Different cast, same character

Thursday, November 29, 2001

CHICAGO -- The names on the backs of the jerseys are mostly the same, and the athletic, overpowering game looks pretty familiar, too. Even the No. 1 ranking is back.

But don't mistake Duke for some updated video game. These Blue Devils aren't simply the 2001-02 version of the team that won the NCAA title last year -- and not just because Shane Battier is gone.

"This team is not in competition with last year's team. This team has to run its own race," coach Mike Krzyzewski said Tuesday after his Blue Devils beat No. 7 Iowa 80-62 in the first night of the ACC/Big Ten Challenge.

"This team has to go through its own process and handling the mantle of being No. 1," Krzyzewski added. "They have a lot of pressure on them."

Make no mistake, this Duke squad is good. Very good. Despite playing its fifth game in nine days -- not to mention logging a few thousand air miles -- Duke brushed aside the Hawkeyes with little trouble.

Even with their experience and talent, though, the Blue Devils are still learning, still growing. Just look at their last two games. After a 104-62 rout of Portland on Sunday night, Krzyzewski ripped his team, saying it lacked cohesiveness and didn't communicate well enough on the floor.

Part of that is the loss of Battier. The player of the year last season, Battier was a tenacious defender and an offensive threat. He also had the kind of maturity coaches only dream of having, running the team like he was part of the coaching staff.

"We were all spoiled last year," Krzyzewski said. "Twenty years from now, you'll think back that Battier was one of the great, great players to ever play college basketball. And everyday I learn more and more about what he did that I didn't know last year, because there's things we're making up for right now."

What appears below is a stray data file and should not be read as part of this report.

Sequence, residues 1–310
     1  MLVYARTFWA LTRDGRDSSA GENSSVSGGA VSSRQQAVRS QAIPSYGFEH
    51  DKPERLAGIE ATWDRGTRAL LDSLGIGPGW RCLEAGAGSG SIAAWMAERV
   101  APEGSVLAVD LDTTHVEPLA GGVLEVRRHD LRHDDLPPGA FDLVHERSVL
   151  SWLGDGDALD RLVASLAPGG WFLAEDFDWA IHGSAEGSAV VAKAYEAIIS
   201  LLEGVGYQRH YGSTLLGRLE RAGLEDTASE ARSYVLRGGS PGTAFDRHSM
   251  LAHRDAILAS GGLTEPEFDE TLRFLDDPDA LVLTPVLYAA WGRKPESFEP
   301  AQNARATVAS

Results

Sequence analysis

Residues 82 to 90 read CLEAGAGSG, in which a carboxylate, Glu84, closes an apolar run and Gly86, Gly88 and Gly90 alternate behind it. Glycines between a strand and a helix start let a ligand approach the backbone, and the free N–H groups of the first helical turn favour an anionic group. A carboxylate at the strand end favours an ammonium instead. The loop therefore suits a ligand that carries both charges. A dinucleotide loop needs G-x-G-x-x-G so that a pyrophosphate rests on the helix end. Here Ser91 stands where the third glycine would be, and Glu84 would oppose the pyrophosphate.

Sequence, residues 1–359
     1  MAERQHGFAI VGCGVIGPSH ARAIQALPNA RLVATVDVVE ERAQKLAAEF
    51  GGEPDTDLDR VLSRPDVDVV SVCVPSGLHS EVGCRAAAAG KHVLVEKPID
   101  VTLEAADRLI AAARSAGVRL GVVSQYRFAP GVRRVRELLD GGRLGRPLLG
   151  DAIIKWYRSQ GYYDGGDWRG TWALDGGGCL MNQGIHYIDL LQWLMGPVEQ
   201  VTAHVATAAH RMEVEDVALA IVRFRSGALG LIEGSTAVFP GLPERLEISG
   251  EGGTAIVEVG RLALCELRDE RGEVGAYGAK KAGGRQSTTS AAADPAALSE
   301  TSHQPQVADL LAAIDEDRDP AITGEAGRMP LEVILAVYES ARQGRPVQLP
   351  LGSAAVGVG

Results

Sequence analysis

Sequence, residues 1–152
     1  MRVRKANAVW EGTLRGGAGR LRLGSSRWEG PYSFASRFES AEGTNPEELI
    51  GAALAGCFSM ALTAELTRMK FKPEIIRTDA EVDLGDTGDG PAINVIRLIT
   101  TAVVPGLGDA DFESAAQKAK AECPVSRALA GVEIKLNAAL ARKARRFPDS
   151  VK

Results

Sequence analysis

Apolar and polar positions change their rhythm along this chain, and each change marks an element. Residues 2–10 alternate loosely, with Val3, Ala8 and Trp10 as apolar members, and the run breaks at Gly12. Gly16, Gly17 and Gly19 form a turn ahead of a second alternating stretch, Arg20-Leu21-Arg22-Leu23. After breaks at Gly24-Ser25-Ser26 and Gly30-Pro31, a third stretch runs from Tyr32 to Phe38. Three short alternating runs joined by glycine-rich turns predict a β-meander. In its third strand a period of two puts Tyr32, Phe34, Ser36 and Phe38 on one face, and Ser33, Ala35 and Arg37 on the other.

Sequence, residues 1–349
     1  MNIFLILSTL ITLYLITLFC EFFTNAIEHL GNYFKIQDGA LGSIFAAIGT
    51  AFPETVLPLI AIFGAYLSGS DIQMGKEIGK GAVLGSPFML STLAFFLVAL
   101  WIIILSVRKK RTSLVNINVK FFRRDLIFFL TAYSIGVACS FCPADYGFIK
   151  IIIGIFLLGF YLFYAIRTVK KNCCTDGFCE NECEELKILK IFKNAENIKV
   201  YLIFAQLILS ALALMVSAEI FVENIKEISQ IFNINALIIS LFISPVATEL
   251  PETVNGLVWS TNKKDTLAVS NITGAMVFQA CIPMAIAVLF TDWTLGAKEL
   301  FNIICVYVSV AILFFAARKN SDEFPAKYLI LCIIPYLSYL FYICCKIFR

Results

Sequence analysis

But Battier's not coming back -- he's got a full-time job with the Memphis Grizzlies these days -- so the Blue Devils have no choice but to adjust.

Learning quickly

They're quick studies, judging by the Iowa game. Chris Duhon finished with 11 assists, one more than the entire Iowa squad. He kept the Blue Devils offense running smoothly, rarely allowing it to sputter or break down.

Jason Williams was on the receiving end of most of Duhon's feeds, scoring a team-high 25 points.

"Duhon's trying to lead the team on the court," Krzyzewski said. "That gives Jason more freedom to score. That's one of the adjustments we have to make."

Carlos Boozer and Mike Dunleavy did their thing, too. Boozer had his third double-double in a row, scoring 22 and grabbing 14 rebounds. Dunleavy scored 18.

Duke also played with an intensity usually reserved for tournament time. When Williams appeared to get knocked over by an Iowa player early in the second half, he jumped up with a scowl on his face. There were hard fouls on each side the rest of the game.

Even when Duke had a 19-point lead midway through the second half, it kept up the frenzy. The starters were still in the game at the end, racing up and down the court as if they were the team trying to stage a rally.

Not even the rowdy Iowa fans -- the crowd at the "neutral" United Center was three-quarters black-and-gold -- could rattle the Blue Devils.

"We need to play with a high level of emotion because teams that play against us play with a high level of emotion," Krzyzewski said. "We need to match that or beat it."

Still work to do

The Blue Devils do still have some holes, though. They were just 7-of-22 (32 percent) from 3-point range against the Hawkeyes, with Williams making only one of his six tries. They got off to a sluggish start, turning the ball over early and getting outrebounded by Iowa in the first half.

But with a little work, those things should come together.

"This was a big win for us," Krzyzewski said. "For our guys to play this well against a team that has played the best against us this season is very satisfying."

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